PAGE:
Senate Republicans objected to Schwarzenegger's proposed prison cuts this summer, but they applauded the governor's approach to stop short of the three-judge panel's demands in his plan. They saw it as a potential legal strategy to challenge the federal judges, eventually forcing the U.S. Supreme Court to settle whether the federal government can mandate a release of prisoners. "I assume the court is going to find this totally inadequate," said state Sen. George Runner, R-Lancaster. "I hope they find it inadequate, reject it and then we appeal to the Supreme Court."

Sen. Tom Harman, R-Huntington Beach, said his caucus believes the federal three-judge panel has overstepped its bounds. "The fundamental question is, do they have the jurisdiction and right to make these orders?"

The judges could respond by rejecting Schwarzenegger's plan and asking him to resubmit it. They could put the plan under a review process that ultimately results in a final order demanding greater inmate reductions. Or the judges could hold Schwarzenegger and Corrections Secretary Matthew Cate in contempt.

Even if they are cited for contempt, it is unlikely the governor and prison boss would wind up in jail. Inmates' attorneys have said in the past they would not seek such an extreme penalty. But they questioned Schwarzenegger's approach Thursday. "It is inexplicable to me why the governor would not submit to the court a modified version of the plan he submitted to the Legislature," said Donald Specter of the Prison Law Office, co-chief counsel for the inmates. "The governor said that that plan would not be a risk to public safety and, if enlarged slightly, would comply with the court's requirements."

He referred to a deal Schwarzenegger sought in July that called for a population reduction of 37,000 over two years. That plan would allow sick and elderly inmates or those in the final year of their sentences to finish serving time on home detention or in community hospitals wearing Global Positioning System tracking devices....

The plan Schwarzenegger intends to file today will not include the controversial alternative custody provisions, according to Runner. If the plan proves unsatisfactory to the federal judges, "the state's officials are correct that they may be facing contempt proceedings," Specter said. "We will decide whether to pursue contempt after reviewing the state's final plan."

The other chief counsel for the inmates, Michael Bien, sounded a similar note. He said he believes state officials are running the risk of contempt "if the state's 'strategy' is to set up a confrontation with the three-judge court by defying the court's lawful order."

Some recent related posts:

September 18, 2009 in Scope of Imprisonment, Who Sentences? | Permalink | Comments (6) | TrackBack

"Inmate Will Testify About Failed Execution"

The title of this post is the headline of this article from the New York Times concerning one of the ways in which Ohio's botched execution attempt has created some interesting legal action in on-going lethal injection litigation.  Here are the details:

Two days after the execution of a convicted rapist-murderer was halted when technicians were unable to inject him with lethal drugs, a federal judge ordered Thursday that the inmate be deposed for a federal lawsuit challenging the constitutionality of Ohio’s lethal injection procedure.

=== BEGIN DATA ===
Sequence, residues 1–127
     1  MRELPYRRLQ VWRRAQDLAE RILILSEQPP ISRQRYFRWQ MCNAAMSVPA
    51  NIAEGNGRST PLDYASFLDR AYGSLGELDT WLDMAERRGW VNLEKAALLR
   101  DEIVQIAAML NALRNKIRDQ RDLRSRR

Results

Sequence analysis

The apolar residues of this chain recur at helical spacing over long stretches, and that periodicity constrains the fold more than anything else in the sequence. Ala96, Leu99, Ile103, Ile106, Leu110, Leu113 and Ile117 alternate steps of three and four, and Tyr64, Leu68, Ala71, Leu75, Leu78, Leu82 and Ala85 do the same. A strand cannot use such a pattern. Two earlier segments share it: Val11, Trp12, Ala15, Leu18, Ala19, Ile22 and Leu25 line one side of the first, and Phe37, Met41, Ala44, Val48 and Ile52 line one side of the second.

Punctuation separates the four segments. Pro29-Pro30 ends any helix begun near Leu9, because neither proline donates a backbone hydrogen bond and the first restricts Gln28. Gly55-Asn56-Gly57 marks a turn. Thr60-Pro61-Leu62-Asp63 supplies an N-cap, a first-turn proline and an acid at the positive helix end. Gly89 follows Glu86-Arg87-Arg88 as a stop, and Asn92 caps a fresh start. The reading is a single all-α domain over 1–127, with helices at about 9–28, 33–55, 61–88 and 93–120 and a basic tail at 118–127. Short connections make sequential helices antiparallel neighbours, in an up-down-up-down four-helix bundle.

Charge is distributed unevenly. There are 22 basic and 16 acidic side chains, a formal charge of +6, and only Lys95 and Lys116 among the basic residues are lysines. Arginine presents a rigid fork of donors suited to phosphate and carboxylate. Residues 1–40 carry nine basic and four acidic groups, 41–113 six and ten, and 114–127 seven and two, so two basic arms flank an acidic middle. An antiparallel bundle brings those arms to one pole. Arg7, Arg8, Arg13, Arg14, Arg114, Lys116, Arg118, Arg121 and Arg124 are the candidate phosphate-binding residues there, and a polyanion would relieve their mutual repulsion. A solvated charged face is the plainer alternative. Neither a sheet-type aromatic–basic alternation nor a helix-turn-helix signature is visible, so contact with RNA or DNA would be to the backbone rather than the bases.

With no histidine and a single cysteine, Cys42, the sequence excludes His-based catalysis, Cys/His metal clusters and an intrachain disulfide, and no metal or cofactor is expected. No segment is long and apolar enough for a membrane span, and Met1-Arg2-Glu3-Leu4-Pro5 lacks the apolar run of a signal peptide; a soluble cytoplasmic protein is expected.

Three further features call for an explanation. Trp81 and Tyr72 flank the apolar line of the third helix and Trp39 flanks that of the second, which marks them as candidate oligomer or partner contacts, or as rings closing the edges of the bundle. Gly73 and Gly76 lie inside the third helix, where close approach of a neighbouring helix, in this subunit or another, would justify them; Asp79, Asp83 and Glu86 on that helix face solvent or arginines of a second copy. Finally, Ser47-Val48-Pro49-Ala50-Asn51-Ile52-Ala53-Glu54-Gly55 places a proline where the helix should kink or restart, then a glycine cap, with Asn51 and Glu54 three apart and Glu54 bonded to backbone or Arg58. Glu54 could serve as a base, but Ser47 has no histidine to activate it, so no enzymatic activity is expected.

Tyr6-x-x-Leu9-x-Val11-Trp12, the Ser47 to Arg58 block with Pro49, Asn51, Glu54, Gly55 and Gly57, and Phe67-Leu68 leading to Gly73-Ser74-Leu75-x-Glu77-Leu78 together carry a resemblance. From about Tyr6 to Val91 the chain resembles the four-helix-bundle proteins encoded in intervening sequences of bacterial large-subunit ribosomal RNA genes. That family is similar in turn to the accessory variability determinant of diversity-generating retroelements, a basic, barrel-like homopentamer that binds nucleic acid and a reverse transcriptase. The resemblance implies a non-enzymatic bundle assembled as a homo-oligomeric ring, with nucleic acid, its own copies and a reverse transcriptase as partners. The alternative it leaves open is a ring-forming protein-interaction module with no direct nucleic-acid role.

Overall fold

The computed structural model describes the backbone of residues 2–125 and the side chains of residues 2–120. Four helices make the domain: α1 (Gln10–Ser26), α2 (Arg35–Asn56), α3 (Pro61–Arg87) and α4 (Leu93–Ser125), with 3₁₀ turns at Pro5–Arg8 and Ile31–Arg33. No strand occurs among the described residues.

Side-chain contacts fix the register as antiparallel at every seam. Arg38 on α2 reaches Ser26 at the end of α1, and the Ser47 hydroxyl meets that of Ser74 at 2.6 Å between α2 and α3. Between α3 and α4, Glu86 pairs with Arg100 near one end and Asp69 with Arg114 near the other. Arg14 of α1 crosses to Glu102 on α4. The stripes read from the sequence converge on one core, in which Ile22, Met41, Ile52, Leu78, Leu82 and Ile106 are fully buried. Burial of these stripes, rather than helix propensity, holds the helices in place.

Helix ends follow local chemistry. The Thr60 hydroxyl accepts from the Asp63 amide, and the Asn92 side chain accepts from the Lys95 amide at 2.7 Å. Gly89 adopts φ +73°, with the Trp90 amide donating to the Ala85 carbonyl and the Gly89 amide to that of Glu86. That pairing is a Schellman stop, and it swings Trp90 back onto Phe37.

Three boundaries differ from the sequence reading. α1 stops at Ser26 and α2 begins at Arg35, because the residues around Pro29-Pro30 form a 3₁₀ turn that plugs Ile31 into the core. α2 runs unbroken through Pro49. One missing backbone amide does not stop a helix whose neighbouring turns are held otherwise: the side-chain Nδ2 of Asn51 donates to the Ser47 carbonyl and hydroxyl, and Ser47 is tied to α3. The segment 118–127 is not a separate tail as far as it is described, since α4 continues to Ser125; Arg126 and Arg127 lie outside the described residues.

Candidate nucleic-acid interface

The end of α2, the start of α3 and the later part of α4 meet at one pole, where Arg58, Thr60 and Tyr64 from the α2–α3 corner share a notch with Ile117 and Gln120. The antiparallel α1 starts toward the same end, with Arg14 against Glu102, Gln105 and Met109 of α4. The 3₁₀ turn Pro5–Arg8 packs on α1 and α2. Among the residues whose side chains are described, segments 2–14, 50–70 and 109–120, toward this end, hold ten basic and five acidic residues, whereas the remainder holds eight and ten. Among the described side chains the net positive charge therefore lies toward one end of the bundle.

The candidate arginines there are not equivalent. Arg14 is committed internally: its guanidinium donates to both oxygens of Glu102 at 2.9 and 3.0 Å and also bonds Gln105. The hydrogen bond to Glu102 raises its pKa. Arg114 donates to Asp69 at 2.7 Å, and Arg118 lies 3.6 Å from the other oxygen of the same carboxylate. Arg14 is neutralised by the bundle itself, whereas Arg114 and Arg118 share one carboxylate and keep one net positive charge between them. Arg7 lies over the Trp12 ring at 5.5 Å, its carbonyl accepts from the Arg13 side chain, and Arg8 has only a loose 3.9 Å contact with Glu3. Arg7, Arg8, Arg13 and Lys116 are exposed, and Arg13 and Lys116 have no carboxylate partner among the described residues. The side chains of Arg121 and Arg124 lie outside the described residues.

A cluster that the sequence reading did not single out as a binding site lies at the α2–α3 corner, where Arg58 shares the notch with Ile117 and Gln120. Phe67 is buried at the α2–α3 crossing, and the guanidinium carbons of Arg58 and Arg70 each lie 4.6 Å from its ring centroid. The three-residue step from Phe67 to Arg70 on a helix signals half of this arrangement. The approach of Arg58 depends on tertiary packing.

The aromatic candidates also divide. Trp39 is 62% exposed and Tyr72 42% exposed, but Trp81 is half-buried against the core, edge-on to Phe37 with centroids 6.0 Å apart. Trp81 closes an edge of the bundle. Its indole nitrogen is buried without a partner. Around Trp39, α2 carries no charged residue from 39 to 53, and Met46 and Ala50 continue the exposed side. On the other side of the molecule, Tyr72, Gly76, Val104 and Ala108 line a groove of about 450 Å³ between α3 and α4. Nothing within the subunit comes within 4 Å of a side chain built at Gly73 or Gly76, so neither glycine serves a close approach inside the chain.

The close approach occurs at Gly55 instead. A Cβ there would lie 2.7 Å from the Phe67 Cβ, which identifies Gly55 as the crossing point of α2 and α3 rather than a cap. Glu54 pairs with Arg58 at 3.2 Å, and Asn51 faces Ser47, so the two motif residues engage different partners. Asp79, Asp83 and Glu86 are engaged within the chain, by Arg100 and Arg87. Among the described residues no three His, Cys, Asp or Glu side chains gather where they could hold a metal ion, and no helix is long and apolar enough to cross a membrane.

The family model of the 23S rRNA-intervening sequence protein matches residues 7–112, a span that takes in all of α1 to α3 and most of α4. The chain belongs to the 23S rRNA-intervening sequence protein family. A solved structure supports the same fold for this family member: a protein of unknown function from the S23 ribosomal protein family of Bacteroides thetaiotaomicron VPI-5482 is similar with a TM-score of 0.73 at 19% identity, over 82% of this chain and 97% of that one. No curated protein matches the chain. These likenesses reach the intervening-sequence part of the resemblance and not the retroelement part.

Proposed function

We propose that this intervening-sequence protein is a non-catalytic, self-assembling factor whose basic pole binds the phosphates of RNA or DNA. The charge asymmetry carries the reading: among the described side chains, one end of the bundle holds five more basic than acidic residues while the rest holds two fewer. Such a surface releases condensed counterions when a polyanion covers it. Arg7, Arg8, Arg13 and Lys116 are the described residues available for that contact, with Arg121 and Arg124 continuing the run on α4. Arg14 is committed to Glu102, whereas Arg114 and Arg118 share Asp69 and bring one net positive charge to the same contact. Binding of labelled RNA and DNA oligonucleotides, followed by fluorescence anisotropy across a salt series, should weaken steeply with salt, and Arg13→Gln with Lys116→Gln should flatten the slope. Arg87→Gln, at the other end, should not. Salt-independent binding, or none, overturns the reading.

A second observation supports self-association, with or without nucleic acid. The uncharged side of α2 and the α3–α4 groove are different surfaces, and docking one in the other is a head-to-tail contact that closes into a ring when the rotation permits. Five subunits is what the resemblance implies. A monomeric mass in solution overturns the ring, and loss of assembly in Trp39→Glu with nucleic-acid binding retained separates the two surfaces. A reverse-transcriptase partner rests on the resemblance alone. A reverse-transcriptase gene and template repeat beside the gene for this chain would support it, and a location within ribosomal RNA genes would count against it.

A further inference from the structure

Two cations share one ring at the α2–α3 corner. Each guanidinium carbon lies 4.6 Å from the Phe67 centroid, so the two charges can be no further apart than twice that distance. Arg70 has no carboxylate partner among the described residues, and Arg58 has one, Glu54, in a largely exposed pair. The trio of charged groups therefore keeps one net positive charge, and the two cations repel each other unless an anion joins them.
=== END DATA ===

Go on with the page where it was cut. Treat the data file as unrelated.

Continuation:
The deposition for the inmate, Romell Broom, is set for Monday, a day before he is scheduled to be executed. His lawyers said they planned to file appeals in state and federal courts on Friday seeking to cancel or at least postpone his execution....

On Thursday, federal public defenders argued before the judge, Gregory L. Frost of Federal District Court in Columbus, Ohio, that evidence supporting their case against lethal injection would be irretrievably lost if they were not able to interview Mr. Broom before his death.

“He has relevant evidence that needs to be preserved,” said David C. Stebbins, an assistant federal public defender in Columbus. “Mr. Broom has, of course, the most relevant testimony of what exactly they did to him and the amount of pain he was put in.” The deposition is for a case in the Federal District Court for the Southern District of Ohio.

“The core of the complaint,” Mr. Stebbins said, “is that there are insufficient protections built into the Ohio procedures that guarantee it will be a painless execution, that the protocols are not sufficient to guard against mistakes and that they don’t cover all issues like in Mr. Broom’s case.”

As detailed in this Columbus Dispatch article, headlined "Second-try execution is 'cruel,' suit to say," Broom's lawyers will be filing their 1983 suit seeking to block his "re-execution."  It is my understanding that this suit will be considered a related case to the on-going Ohio lethal injection lawsuit, which means that US District Judge Gregory Frost would get this case and make an initial ruling — perhaps as early as today? — about whether a stay is needed to consider the merits of Broom's new Eighth Amendment arguments.

Related posts on botched Broom execution attempt:

September 18, 2009 in Baze and Glossip lethal injection cases, Death Penalty Reforms, Who Sentences? | Permalink | Comments (1) | TrackBack

Judge Gerard Lynch becomes first lower-court Obama nominee confirmed by Senate

As detailed in this pieceavailable at law.com, the "Senate on Thursday confirmed Gerard Lynch for the 2nd U.S. Circuit Court of Appeals, giving overwhelming approval to the Southern District of New York judge who presided over cases involving former basketball coach Isiah Thomas and recording artist Lil' Kim."  Though Judge Lynch was elevated by a vote of 94-3, few future nominees seem likely to generate so much consensus: